For the homebrewer, the longer days of spring inspire thoughts not just of lighter, crisper brews of summer, but also of the beer garden. To be clear, I mean the brewer's garden. Gardening and brewing are, it turns out, two very compatible hobbies.
Growing some of the plants needed for that five-gallon batch of beer will bring new meaning to the term hand-crafted. Beyond this, there is ornamental beauty in many of the plants that have found their way into brew kettles over the centuries.
Plus, growing your own beer ingredients is a great way to brew green. David Mitchell of Madison's Wine and Hop Shop has been seeing additional interest in the topic from home gardeners in recent years. "For homebrewers looking to go completely organic, their own garden is a good alternative," he says.
Brewer's gardens can be similar to herb gardens. They don't require a lot of space, may involve a range of annuals and perennials, and offer brilliant splashes of color. Finding help in selecting and obtaining plants can be challenging, but you can educate yourself by browsing seed catalogs, doing Internet research, stopping at a garden center - or by visiting your favorite homebrew supply store. Here, meanwhile, are some tips.
Soon after the ground thaws, consider planting the staple of beer making, hops. Wisconsin was once a leading producer of hops, and most varieties grow well here. Hops give beer its bitterness. They are a perennial vine, and most varieties are rather aggressive. For best results, find a sunny place and give them something to climb on, like a trellis or a fence. They can make wonderful accents to your patio or arbor. If you are planning to use hops in brewing, it's a good idea to plant three to four varieties.
Beyond hops, you might observe that establishing a brewer's garden will violate some rules of beer etiquette - if, that is, you are a beer-making purist who only follows the Reinheitsgebot. That's the German Beer Purity Law of 1516, which stated that only water, barley, hops and yeast shall be used to make beer.
However, for hundreds of years, herbs and spices have been used in some styles of beer. These additives, or "adjuncts" as brewers call them, provide distinctive flavors and aromas. The Wine and Hop Shop sells a number of these - ginger, rosemary, juniper berries. But, says Mitchell, "There is nothing like growing them yourself." (See below.)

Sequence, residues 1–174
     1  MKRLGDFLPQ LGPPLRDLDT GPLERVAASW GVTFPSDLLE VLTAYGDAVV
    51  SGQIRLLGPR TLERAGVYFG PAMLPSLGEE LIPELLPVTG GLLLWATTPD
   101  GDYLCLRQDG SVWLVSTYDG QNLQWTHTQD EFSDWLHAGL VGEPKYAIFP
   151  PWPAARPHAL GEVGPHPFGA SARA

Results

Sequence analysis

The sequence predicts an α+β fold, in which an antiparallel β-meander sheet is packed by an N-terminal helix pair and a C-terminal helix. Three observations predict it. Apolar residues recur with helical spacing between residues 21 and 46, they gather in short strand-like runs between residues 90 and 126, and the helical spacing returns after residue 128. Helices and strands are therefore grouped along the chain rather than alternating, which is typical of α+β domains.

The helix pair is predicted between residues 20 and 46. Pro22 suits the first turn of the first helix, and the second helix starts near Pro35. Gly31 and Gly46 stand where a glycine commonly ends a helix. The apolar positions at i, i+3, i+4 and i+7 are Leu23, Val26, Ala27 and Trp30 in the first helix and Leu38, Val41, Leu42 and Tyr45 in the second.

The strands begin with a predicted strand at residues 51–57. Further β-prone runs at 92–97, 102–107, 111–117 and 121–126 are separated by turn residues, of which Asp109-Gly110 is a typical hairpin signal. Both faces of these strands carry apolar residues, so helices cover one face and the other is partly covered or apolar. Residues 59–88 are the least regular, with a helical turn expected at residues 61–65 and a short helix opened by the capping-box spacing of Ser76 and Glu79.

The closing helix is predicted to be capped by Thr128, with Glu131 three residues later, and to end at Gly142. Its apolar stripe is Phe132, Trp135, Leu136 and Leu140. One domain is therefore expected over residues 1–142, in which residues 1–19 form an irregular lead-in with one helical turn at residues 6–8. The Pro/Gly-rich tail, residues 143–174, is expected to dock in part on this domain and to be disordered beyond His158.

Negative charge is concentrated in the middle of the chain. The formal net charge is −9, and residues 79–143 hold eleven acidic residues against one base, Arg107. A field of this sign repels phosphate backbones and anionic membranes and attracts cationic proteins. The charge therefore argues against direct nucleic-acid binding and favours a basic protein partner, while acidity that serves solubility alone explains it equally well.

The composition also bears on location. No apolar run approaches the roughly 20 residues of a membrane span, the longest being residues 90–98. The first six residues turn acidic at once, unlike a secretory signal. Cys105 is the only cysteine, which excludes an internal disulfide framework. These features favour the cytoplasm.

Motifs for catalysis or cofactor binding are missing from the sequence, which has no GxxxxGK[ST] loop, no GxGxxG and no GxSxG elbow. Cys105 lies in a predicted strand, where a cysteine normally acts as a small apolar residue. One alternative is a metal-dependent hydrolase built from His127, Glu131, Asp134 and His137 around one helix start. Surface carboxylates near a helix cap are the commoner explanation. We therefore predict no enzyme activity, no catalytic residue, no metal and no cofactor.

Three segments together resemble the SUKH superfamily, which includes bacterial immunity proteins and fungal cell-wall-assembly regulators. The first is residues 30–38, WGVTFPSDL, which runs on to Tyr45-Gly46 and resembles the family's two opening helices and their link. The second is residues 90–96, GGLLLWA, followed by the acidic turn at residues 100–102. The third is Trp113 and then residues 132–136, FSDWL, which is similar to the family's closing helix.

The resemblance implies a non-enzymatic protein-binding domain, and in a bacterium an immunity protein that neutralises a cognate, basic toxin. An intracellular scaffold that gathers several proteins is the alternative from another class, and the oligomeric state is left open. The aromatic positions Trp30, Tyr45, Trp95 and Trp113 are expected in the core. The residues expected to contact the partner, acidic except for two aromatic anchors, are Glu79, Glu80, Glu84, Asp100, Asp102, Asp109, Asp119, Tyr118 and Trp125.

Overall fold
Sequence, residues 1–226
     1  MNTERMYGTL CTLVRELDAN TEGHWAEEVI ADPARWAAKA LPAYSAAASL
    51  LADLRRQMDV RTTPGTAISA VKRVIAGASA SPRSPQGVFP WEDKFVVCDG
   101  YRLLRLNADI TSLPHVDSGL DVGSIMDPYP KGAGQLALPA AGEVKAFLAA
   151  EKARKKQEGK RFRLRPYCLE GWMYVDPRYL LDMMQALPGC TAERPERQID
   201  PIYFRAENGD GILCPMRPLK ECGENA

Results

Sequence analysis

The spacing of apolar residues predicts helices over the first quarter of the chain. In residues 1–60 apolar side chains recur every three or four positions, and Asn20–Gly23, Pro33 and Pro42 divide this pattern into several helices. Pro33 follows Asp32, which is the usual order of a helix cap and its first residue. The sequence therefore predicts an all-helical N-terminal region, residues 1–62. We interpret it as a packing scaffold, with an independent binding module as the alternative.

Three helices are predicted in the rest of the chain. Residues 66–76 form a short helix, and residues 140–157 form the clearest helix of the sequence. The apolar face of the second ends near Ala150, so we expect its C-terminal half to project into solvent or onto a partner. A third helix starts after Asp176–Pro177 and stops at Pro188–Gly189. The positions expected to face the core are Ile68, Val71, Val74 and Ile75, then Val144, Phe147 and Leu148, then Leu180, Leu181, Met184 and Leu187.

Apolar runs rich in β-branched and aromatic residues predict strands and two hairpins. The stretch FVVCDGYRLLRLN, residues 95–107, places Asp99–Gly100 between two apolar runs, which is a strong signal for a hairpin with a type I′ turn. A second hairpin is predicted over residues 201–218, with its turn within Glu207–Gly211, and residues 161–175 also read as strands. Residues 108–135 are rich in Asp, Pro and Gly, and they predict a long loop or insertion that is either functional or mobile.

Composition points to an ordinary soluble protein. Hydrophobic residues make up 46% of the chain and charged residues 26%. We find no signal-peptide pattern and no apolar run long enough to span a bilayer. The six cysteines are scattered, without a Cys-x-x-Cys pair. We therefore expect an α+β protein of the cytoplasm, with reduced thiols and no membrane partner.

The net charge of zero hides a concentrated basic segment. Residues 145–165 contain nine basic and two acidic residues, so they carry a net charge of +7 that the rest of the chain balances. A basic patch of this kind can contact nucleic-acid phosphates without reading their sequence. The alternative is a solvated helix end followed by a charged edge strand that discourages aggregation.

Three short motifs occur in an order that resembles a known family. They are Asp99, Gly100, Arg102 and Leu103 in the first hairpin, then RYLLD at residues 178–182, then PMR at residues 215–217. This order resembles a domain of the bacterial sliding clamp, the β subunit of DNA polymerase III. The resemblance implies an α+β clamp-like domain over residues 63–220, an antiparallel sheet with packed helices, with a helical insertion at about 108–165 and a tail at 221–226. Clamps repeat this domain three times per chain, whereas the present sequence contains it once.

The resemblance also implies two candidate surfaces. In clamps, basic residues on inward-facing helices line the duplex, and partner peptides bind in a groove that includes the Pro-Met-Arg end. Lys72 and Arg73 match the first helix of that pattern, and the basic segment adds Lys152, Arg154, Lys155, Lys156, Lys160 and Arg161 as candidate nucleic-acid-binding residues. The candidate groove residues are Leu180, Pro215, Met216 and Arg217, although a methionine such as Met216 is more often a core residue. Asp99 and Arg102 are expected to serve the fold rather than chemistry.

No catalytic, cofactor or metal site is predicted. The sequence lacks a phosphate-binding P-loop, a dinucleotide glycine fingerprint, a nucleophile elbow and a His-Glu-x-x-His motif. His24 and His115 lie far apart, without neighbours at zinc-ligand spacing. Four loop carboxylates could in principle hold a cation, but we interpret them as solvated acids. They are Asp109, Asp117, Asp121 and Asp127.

Of course, the most essential component to beer is the cereal grains that provide fermentable sugars used by yeast to make alcohol. Barley is the most popular choice of the homebrewer, but others, like sorghum, rye, or oats, can be useful - and striking in gardens.
But with the use of homegrown grain comes the hassle of malting it in the kitchen, so the homebrew supply store could be a better option for volume and convenience. If green is your theme, there are readily available organic malts to choose from.
The brewer's garden offers rewards year-round: It adds beauty to the yard or garden while it's growing. Then, months later, when the flowers and foliage given way to winter, the fruits of your labor live on - in beer.
Spice up your homebrew
Some brewers prize adjuncts: herbs, spices and berries that add flavor and aroma to beer. Here are some to consider planting - both for brewing and for beauty.
- Alecost (costmary). Small yellow flowers. Minty, balsam-like flavor. Used in bitter ale recipes since the 1600s.
- Basil. White flowers arranged in a spike. Adds spicy and bitter flavors.
- Birch. Sap from the tree offers a minty aroma and flavor similar to root beer. Used for centuries in beer. President Thomas Jefferson developed his own recipe for birch beer.
- Blackberry. Planted as canes in the early spring. Adds fruitiness. A common additive to light blond ales and wheat beers.
- Blueberry. Offers sweetness. Often found as an adjunct in blond ales and American wheat beers.
- Chamomile. Daisy-like flowers. Not just for tea - can provide bitterness to beer. Common in beers like Belgian Whites.
- Ginger. Long an ingredient in many traditional British-influenced beer styles. Doesn't take much to add spicy flavors and aromas.
- Heather. Pinkish flowers. Offers spicy dryness. Beloved of Scottish brewers in the 18th and 19th centuries.
- Juniper. Perennial evergreen shrub; adds bittersweet flavor and aroma.
- Mint. Many different species offer a range of color, from white to pink flowers. Grows well in Wisconsin. Commonly used in moderation for aroma.
- Raspberry. Planted as canes in early spring. Adds a fruity tartness. A common additive to wheat beers and Belgian Lambics.
- Rosehips. The fruit of the rose plant. Pruning can discourage their development. Adds flavors from sweet to tart. Used for centuries in beer.
- Sage. Purple flowers. Adds bitterness.
- Thyme. Small, pink flowers. Provides spicy flavor and aroma.
- Yarrow. White or yellow flowers. Adds bitterness.